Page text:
UWOFA president aims to keep association’s profile high

Adela Talbot // Western News

Alison Hearn, who teaches in the Faculty of Information and Media Studies, is the new president of the University of Western Ontario Faculty Association (UWOFA). She began her term early this year, when Jeff Tennant, the previous president, stepped down to become the union’s chief negotiator.

When Alison Hearn stepped up to the plate that is the University of Western Ontario Faculty Association (UWOFA), things were a bit hectic.

“I assumed the position early because Jeff Tennant, the previous president, stepped down to become the chief negotiator. That was a bit of a perfect storm, because I was teaching full-time,” said the Faculty of Information and Media Studies professor.

Hearn took up the post of UWOFA president Feb. 18, after serving the union in various capacities, including vice-president.

“The learning curve was pretty steep, and we were gearing up for negotiations. Last semester, before the summer, was a very crazy one for me,” she said. “But I had a ton of support.”

As her name came up as a possible replacement for Tennant, Hearn thought, ‘Why not?’ It was an opportunity to blend her academic, professional and personal interests.

“I care a lot about the state of Western, and universities in general. In fact, it’s one of my research areas. I write about the history of the university in the West. I know quite a lot about the history of the institution, and, more recently, I’ve been writing about the transformations and changes we’ve seen in the university system in Canada – so it seemed to kind of make sense, that maybe, I give it a try,” she said.

It was almost five years ago when Hearn first got involved with UWOFA, just before the last round of faculty contract negotiations. She remembers the time as both “exhilarating and terrifying,” as a strike was nearly imminent.

In November 2010, UWOFA ratified a new collective agreement by a vote of 521-85 (86 per cent) in favour of the deal. As part of that four-year contract, UWOFA members received scale salary increases of 1.5 per cent each year.

“They came close to striking and I was kind of in the middle of that. But really, it let me see how powerful teamwork can be, how powerful it can be to work with other people on a common cause, and with my colleagues across the university,” Hearn said.

From where she sits now, she has a number of tasks ahead of her – some pressing and challenging, others ongoing and systemic. But in any case, Hearn is optimistic UWOFA is doing everything it can for the common good of Western’s professoriate.

“Leaving negotiations aside, I think our goal, and my goal, is to really reach out in the association, to rebuild it and renew it – to bring younger folks on board, to reach out to areas in the university we might not have historically been that active in,” she explained.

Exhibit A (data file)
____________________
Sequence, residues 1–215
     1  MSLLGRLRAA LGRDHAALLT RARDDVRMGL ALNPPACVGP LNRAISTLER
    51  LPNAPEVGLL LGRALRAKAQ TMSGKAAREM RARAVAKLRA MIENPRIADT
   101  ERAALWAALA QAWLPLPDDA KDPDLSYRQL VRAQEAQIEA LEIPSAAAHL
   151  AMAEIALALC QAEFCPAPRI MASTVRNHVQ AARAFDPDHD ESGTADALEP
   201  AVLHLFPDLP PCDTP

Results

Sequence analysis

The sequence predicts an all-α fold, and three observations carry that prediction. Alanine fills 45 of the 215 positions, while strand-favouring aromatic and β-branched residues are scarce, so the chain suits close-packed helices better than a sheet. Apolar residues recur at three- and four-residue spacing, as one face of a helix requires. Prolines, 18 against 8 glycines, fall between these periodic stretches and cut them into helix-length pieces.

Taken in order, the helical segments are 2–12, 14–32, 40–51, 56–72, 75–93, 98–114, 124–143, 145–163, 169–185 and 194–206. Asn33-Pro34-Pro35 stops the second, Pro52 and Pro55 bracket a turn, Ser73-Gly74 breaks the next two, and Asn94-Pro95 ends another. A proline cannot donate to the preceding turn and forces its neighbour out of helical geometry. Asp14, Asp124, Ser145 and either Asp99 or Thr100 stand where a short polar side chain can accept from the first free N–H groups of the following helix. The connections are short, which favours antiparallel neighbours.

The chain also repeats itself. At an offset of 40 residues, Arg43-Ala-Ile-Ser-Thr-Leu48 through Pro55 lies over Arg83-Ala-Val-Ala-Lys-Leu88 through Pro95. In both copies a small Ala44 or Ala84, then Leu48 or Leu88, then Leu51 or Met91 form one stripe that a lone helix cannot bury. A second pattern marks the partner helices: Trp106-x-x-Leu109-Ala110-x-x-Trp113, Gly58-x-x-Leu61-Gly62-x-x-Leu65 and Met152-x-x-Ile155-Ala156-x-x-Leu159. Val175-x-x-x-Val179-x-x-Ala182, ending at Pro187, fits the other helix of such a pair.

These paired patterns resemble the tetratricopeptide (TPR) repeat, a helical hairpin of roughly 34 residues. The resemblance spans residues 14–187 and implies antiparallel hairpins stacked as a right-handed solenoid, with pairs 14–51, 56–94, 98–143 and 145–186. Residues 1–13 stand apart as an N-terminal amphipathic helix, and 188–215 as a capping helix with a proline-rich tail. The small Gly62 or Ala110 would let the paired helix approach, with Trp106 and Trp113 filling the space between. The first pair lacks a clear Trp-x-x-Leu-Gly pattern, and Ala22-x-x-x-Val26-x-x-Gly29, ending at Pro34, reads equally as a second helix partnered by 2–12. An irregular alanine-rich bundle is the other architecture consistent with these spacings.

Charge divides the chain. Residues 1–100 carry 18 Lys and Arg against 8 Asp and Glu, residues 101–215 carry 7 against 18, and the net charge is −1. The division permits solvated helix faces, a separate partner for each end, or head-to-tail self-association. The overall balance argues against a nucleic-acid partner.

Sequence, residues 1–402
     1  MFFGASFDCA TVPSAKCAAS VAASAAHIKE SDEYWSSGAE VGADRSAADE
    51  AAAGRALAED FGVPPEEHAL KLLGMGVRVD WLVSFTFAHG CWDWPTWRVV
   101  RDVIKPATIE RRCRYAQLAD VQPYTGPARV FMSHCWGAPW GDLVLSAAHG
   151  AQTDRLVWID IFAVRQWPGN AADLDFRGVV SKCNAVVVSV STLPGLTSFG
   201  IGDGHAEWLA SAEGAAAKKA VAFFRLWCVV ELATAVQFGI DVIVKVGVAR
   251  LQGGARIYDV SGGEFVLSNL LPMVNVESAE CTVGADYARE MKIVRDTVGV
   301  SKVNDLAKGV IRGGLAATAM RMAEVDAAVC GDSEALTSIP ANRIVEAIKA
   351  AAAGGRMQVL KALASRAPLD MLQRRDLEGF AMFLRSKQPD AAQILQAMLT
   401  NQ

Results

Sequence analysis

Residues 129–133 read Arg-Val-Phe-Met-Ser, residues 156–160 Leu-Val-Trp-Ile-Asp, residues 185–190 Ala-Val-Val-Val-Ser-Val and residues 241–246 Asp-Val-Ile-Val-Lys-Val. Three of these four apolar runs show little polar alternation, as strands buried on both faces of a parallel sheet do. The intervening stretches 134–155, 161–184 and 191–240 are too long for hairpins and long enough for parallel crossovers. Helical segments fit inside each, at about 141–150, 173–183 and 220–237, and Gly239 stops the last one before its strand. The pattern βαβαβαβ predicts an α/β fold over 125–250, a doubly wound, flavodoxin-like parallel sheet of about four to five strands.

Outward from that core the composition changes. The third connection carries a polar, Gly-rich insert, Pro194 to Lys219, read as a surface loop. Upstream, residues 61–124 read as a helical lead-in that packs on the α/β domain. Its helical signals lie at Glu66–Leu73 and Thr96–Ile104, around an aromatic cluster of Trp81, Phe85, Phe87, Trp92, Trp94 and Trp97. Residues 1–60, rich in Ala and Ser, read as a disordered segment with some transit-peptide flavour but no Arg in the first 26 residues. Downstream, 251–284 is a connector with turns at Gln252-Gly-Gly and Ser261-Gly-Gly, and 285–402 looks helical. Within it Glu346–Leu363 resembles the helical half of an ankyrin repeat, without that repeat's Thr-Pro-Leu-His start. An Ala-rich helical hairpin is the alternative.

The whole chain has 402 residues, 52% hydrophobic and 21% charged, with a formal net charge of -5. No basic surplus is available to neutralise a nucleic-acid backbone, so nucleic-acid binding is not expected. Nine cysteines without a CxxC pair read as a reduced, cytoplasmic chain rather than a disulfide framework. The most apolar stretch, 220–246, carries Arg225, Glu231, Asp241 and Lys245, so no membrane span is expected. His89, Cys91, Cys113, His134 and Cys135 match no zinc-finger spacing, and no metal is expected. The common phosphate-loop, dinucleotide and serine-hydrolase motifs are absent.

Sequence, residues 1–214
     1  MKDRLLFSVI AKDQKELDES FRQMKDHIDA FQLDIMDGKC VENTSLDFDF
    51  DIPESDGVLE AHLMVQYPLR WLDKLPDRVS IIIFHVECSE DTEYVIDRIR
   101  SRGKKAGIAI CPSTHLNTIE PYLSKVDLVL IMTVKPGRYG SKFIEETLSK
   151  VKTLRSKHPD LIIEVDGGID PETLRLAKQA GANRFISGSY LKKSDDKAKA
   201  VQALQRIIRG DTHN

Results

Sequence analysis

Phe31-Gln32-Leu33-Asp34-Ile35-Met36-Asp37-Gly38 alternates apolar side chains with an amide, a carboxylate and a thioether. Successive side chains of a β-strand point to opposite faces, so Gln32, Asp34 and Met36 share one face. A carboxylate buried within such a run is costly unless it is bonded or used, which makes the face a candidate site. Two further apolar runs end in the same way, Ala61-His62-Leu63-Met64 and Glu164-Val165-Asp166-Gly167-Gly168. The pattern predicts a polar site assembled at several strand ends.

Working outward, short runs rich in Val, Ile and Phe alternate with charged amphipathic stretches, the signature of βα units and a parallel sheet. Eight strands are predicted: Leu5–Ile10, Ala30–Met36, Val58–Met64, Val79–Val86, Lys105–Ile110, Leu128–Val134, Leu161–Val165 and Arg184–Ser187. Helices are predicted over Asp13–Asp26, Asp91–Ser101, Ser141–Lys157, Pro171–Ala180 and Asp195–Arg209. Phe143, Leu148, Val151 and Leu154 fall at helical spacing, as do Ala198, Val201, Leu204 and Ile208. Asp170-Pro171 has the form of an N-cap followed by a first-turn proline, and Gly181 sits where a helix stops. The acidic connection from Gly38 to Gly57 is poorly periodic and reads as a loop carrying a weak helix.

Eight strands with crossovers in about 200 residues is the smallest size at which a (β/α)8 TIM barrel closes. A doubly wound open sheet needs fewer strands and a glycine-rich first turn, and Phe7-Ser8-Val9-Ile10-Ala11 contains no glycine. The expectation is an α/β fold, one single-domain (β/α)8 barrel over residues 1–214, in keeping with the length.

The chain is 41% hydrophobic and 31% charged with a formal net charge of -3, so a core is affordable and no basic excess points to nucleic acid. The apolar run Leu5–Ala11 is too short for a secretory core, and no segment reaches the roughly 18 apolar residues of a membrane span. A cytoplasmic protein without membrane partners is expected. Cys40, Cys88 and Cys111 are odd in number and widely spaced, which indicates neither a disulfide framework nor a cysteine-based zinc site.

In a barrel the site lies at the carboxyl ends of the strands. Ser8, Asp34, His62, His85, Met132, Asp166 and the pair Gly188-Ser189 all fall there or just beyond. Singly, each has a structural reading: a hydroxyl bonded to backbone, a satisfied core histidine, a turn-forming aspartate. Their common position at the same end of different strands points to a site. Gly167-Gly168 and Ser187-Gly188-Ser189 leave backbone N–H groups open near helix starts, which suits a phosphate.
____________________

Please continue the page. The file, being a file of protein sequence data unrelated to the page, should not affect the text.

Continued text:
“And also, when negotiations are done, which they will be, soon enough, one of the reasons we have a new communications officer is to do more outreach in the community, and to keep the profile of UWOFA high in between negotiations, so we don’t only appear on the public’s radar when we’re at the table,” she continued.

In the meantime, it’s hard to ignore the elephant in the room.

Current negotiations are heating up, and with an appointed conciliator, Hearn is hopeful and expects things to resolve amicably. While the problems she said plague contract academic faculty – among them job security, benefits and compensation – are systemic, she thinks gains can still be made, even if the issues can’t be entirely resolved at the table.

“UWOFA’s core mission is to defend and support the work of our members – that means high quality teaching and research,” Hearn said.

“Obviously contract negotiations are the primary place where those sorts of things are discussed and worked out. Our members told us this round, when we went through a fairly rigorous process of identifying goals, the top priorities for them were compensation and benefits, and also enhanced job security, stability and compensation and benefits for contract faculty,” she said.

“I think the key thing people might not realize is how the professoriate looks now is not the clichéd version of tenured professors making a really good salary, teaching very little,” Hearn continued.

“Our goal is to try and educate the outside world about this change. We recognize this isn’t unique to Western. These are shifts in the nature of what work in the university looks like. And it happens across the sector. We’re not signaling Western out, but it’s where we are.”

Full-time tenured faculty, and those in tenure-track positions, recognize their fates depend on the fates of contract faculty, and vice-versa, Hearn added. Things like workload and issues of academic freedom bring the two sides together.

“Tenure track and tenured appointments are crucial to academic freedom and that’s central to the university’s mission. Without tenure, you don’t have academic freedom. If you’re working on a contract, you don’t have job security and you don’t have academic freedom,” she said.